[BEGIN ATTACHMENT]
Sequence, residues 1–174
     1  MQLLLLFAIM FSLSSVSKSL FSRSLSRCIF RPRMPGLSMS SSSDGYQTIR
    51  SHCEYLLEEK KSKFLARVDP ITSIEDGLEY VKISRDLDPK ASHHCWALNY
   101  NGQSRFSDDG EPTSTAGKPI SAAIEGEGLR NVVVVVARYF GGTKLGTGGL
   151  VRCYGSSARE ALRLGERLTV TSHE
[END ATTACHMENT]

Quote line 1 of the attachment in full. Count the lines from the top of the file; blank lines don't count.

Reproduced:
Sequence, residues 1–174